European stocks dropped, snapping a three-day advance, as Hurricane Sandy headed toward New York City, prompting the U.S. to suspend equity trading on all markets today.
A gauge of insurance companies posted the biggest decline of the 19 industry groups on the Stoxx Europe 600 Index. BT Group Plc slipped 1.5 percent after a person familiar with the matter said the telecommunications company may cut its full-year sales forecast. UBS AG rose 7.3 percent after Switzerland’s largest bank was said to have decided to cut as many as 10,000 jobs amid a plan to retreat from capital-intensive trading.
The Stoxx 600 slid 0.4 percent to 269.46 at the close. The equity benchmark has still rallied 15 percent from this year’s low on June 4 as European Central Bank policy makers agreed on an unlimited asset-purchase program and the Federal Reserve announced a third round of quantitative easing. Standard & Poor’s 500 Index futures slid 0.4 percent today.
“It’s a very dramatic step to shut it down,” Andy Lynch, a portfolio manager at Schroder Investment Management Ltd. in London, said in a Bloomberg Television interview. “I think it’s the right thing to do just because we don’t know how bad Sandy could be when it arrives. You just have to be a bit more careful about pricing because liquidity is going to be down.”
The Stoxx 600 retreated 1.3 percent last week as companies in Europe and the U.S. reported disappointing results. The volume of shares changing hands in companies listed on the Stoxx 600 today was 36 percent lower than the average of the last 30 days, according to data compiled by Bloomberg.
The Securities and Exchange Commission may suspend equity trading through tomorrow. The securities industry decided that the storm, which is expected to land in southern New Jersey, made it too risky for workers to travel.
Italian Prime Minister Mario Monti and his Spanish counterpart Mariano Rajoy meet in Madrid today, less than a week after Monti signaled that he would like Spain to ask for a full sovereign bailout from the European Union.
Greece’s political leaders continued to seek agreement on the labor reforms and structural changes needed to qualify for more aid under the country’s international bailout.
National benchmark indexes fell in 13 of the 18 western-European markets. The U.K.’s FTSE 100 slipped 0.2 percent and France’s CAC 40 lost 0.8 percent. Germany’s DAX slid 0.4 percent, while Greece’s ASE tumbled 6.3 percent.
A gauge of insurers dropped 1.2 percent as Munich Re and Swiss Re AG, the world’s two largest reinsurers, retreated 2 percent to 121.90 euros and 2.5 percent to 63.25 Swiss francs, respectively.
BT retreated 1.5 percent to 213.9 pence after the person, who asked not to be identified, said that European corporate customers have cut back on its services. The U.K.’s largest fixed-line phone company had said that underlying revenue growth would improve in the fiscal years ending March 2013 and 2014. BT is scheduled to release earnings on Nov. 1.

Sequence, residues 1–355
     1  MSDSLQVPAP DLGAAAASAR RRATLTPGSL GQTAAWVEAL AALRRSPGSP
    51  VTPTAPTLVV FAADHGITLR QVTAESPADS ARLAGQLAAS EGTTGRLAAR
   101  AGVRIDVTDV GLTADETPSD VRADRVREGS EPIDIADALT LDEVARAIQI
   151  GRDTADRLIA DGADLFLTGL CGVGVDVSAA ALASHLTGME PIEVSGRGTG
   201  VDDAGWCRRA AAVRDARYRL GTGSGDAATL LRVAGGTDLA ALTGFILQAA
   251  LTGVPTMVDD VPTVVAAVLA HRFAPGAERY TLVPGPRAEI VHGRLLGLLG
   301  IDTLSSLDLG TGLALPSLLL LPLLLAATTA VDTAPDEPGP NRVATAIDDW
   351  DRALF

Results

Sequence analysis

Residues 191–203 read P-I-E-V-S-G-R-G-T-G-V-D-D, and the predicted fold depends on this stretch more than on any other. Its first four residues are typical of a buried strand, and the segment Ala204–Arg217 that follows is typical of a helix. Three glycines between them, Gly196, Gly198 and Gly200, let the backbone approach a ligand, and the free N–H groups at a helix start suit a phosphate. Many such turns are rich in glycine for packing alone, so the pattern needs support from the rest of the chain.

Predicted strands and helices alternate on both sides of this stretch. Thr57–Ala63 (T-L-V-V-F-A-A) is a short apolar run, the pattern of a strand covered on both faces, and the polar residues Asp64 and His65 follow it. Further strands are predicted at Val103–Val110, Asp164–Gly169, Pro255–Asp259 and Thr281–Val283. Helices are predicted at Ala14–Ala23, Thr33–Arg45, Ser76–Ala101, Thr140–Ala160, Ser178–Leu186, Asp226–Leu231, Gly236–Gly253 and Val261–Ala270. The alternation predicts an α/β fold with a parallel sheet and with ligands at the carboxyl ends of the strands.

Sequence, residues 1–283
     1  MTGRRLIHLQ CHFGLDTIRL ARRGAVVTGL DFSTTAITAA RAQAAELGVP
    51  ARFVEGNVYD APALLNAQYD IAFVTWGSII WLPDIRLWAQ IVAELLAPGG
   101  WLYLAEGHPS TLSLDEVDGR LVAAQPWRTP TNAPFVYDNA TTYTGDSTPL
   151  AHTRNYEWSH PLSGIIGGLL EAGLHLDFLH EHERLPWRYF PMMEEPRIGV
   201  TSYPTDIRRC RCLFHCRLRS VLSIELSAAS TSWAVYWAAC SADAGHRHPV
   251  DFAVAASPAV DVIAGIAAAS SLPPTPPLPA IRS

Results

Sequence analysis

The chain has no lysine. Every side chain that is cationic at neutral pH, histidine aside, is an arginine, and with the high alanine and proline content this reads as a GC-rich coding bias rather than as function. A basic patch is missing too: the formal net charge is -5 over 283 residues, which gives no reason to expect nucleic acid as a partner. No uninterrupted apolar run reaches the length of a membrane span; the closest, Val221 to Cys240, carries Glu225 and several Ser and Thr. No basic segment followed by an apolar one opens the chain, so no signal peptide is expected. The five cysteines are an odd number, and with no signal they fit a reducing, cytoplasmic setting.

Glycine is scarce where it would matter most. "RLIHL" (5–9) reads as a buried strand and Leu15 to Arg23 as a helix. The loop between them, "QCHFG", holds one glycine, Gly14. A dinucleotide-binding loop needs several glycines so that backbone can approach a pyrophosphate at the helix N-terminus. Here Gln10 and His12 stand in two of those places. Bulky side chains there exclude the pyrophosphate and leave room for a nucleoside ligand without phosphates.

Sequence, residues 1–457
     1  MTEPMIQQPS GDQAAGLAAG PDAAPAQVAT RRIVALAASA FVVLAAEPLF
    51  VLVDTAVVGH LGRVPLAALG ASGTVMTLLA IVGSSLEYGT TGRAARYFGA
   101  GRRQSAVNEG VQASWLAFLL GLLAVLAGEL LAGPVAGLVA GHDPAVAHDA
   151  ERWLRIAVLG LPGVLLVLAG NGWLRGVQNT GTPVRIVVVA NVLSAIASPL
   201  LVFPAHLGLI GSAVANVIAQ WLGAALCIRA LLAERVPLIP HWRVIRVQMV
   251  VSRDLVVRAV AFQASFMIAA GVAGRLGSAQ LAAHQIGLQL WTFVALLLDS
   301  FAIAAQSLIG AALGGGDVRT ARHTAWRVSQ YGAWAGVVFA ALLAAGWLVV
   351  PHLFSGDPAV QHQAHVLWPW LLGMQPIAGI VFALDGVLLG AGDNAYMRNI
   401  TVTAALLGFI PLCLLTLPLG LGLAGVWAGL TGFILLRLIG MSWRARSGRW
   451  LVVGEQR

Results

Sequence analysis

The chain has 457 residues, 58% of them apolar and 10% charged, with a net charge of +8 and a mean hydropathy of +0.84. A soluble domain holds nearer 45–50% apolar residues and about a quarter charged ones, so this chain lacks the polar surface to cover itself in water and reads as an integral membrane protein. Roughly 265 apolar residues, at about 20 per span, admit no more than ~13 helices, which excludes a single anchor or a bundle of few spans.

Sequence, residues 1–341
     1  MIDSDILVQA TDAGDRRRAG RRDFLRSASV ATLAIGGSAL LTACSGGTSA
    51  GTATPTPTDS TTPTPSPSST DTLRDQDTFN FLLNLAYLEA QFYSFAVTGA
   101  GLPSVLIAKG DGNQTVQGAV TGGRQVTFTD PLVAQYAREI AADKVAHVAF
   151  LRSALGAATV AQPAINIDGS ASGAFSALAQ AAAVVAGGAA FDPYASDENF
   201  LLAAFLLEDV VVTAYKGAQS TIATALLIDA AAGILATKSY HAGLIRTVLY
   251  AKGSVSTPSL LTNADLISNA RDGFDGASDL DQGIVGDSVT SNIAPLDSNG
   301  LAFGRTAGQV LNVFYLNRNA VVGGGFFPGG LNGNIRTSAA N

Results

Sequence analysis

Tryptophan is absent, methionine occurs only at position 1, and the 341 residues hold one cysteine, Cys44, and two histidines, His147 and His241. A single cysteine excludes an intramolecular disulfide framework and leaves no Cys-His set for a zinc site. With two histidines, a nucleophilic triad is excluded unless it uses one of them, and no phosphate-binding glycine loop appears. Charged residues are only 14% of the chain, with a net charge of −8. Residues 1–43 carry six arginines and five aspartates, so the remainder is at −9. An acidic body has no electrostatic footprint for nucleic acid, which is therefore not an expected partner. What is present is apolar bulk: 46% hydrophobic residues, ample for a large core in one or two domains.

ThyssenKrupp AG dropped 3.7 percent to 17.19 euros. Germany’s biggest steelmaker asked companies to resubmit offers for its unprofitable Americas unit after deciding the original bids were too low, people familiar with the matter said.
Hargreaves Lansdown Plc, the U.K.’s largest retail broker, fell 4.2 percent to 727.5 pence. The stock was downgraded to sell from neutral at Citigroup Inc.
Italian banks declined as Banca Popolare di Milano Scarl dropped 4.4 percent to 42.5 euro cents. Intesa Sanpaolo SpA lost 2.7 percent to 1.24 euros.
Former Prime Minister Silvio Berlusconi, whose People of Liberty Party is the biggest in the national parliament, threatened to topple the government, saying its economic policies have deepened Italy’s recession. The party will “decide whether to immediately withdraw our support” for Monti, Berlusconi told reporters near Milan on Oct. 27.
National Bank of Greece SA tumbled 17 percent to 1.99 euros, its biggest plunge in a year.
Greek banks will have to hold 33 percent of their core tier 1 capital in contingent-convertible bonds and the remaining 67 percent in common equity under a recapitalization plan, Euro2day reported, without citing anyone. Eurobank Ergasias SA and Alpha Bank SA lost 15 percent to 1.06 euros and 13 percent to 1.97 euros, respectively.
Bankia SA slid 3.5 percent to 1.10 euros. The lender whose nationalization pushed Spain toward a bailout for its banks announced a nine-month loss of 7.05 billion euros ($9.1 billion). European Union officials said the country may get its first rescue funds soon.
Telekom Austria AG declined 5.3 percent to 4.97 euros. The phone company forecast free cashflow from 2013 to 2015 of 630 million euros, Profil magazine reported, citing a confidential review of the company’s business plan. The telecommunications operator had predicted 1.7 billion euros.
Davide Campari-Milano SpA, the Milan-based distiller, dropped 3 percent to 6.22 euros. The stock was downgraded to hold from buy at Deutsche Bank AG and to neutral from outperform at Mediobanca SpA, meaning that investors should stop buying the shares.
UBS jumped 7.3 percent to 13.12 francs. The lender intends to shrink its fixed-income operations, reducing risk-weighted assets by an additional 100 billion francs ($107 billion), said a person with knowledge of the matter who requested anonymity because the plans are private.
Linde AG rose 2.5 percent to 131.95 euros. The industrial-gas maker reported third-quarter sales and profit before taxes and charges that beat analysts’ estimates.
Earnings before interest, taxes, depreciation and amortization including joint ventures advanced to 908 million euros in the quarter. Analysts surveyed by Bloomberg had predicted Ebitda of 892 million euros. Sales rose 13 percent to 3.89 billion euros, exceeding the 3.8 billion-euro average analyst estimate.